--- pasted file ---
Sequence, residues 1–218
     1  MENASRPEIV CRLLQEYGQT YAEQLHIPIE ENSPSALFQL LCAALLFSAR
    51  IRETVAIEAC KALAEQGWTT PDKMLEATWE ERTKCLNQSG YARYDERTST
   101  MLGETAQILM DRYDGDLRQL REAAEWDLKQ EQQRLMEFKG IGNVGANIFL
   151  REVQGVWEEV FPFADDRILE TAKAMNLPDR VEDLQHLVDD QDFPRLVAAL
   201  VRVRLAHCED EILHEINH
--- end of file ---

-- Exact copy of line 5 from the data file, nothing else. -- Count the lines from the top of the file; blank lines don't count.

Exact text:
   151  REVQGVWEEV FPFADDRILE TAKAMNLPDR VEDLQHLVDD QDFPRLVAAL